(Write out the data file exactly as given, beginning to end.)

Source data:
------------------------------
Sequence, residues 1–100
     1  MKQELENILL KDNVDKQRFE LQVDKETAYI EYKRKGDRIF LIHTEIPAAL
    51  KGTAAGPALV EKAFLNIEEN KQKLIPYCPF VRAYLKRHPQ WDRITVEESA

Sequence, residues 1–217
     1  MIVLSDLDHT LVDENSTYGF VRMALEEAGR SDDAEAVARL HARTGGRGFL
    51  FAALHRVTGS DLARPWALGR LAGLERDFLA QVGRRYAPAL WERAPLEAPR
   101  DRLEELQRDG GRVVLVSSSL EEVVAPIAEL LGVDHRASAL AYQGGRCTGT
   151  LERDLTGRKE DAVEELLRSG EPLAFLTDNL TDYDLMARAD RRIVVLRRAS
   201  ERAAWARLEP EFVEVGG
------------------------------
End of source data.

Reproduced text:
Sequence, residues 1–100
     1  MKQELENILL KDNVDKQRFE LQVDKETAYI EYKRKGDRIF LIHTEIPAAL
    51  KGTAAGPALV EKAFLNIEEN KQKLIPYCPF VRAYLKRHPQ WDRITVEESA

Sequence, residues 1–217
     1  MIVLSDLDHT LVDENSTYGF VRMALEEAGR SDDAEAVARL HARTGGRGFL
    51  FAALHRVTGS DLARPWALGR LAGLERDFLA QVGRRYAPAL WERAPLEAPR
   101  DRLEELQRDG GRVVLVSSSL EEVVAPIAEL LGVDHRASAL AYQGGRCTGT
   151  LERDLTGRKE DAVEELLRSG EPLAFLTDNL TDYDLMARAD RRIVVLRRAS
   201  ERAAWARLEP EFVEVGG